Everyone had a duty to report rape -- detective
A RETIRED garda detective who brought a paedophile priest to justice said Cardinal Sean Brady's response to the fresh revelations are "incredible".
Martin Ridge said Cardinal Brady's insistence that there were a lack of guidelines on dealing with clerical sex abuse in 1975 did not stop him from reporting criminal activity.
Mr Ridge, who helped the investigation into notorious child rapist priest Fr Eugene Greene, said: "I still find it utterly incredulous that anyone can say there were no guidelines on dealing with sex abuse when the law bans such despicable behaviour.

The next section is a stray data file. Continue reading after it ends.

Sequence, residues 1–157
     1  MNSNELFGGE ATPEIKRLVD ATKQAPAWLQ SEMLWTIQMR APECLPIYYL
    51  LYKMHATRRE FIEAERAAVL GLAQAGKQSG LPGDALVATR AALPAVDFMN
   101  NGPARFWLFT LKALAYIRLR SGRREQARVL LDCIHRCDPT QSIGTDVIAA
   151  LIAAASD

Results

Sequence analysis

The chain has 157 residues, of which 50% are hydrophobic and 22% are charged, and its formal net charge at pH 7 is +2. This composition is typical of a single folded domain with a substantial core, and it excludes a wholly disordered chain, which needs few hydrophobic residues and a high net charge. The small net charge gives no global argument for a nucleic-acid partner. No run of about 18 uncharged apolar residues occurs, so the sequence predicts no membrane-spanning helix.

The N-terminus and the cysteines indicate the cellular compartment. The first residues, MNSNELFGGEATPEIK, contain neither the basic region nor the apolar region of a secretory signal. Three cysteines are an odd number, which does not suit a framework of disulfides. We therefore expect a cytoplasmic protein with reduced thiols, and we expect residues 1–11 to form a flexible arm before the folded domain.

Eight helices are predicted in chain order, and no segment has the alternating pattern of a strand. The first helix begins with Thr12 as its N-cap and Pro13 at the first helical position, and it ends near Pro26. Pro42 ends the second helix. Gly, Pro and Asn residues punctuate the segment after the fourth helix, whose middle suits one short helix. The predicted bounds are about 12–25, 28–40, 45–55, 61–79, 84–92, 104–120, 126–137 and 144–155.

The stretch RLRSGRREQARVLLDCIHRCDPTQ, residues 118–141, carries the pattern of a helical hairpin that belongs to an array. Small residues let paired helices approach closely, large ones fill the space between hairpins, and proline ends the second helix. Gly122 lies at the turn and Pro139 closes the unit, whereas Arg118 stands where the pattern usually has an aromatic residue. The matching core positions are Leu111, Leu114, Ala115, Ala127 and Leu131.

"It was the duty of anyone, regardless of who they were in 1975, to report rape and child rape to gardai."
Asked if he believed Catholic Church leaders who failed to inform gardai of crimes committed in the past should face sanction, he insisted: "The Government has spoken about making it a criminal offence for failing to report such crimes.
"My view is simple -- such behaviour is already a crime. Withholding information on any criminal offence is in itself a crime by law.
"No one has the right to immunity so that they can walk away from their responsibilities. The law is there for everybody," Mr Ridge told the Irish Independent yesterday
Mr Ridge featured prominently on Tuesday night's BBC documentary 'The Shame of the Catholic Church'.
In Co Donegal yesterday three victims of Greene were hailed as heroes, for speaking out on the BBC programme.
Greene was jailed in 2000 for 12 years for raping 26 boys. It is thought dozens of other victims never came forward.
He was released in 2008 and given €50,000 by people in Annagry, where he was from.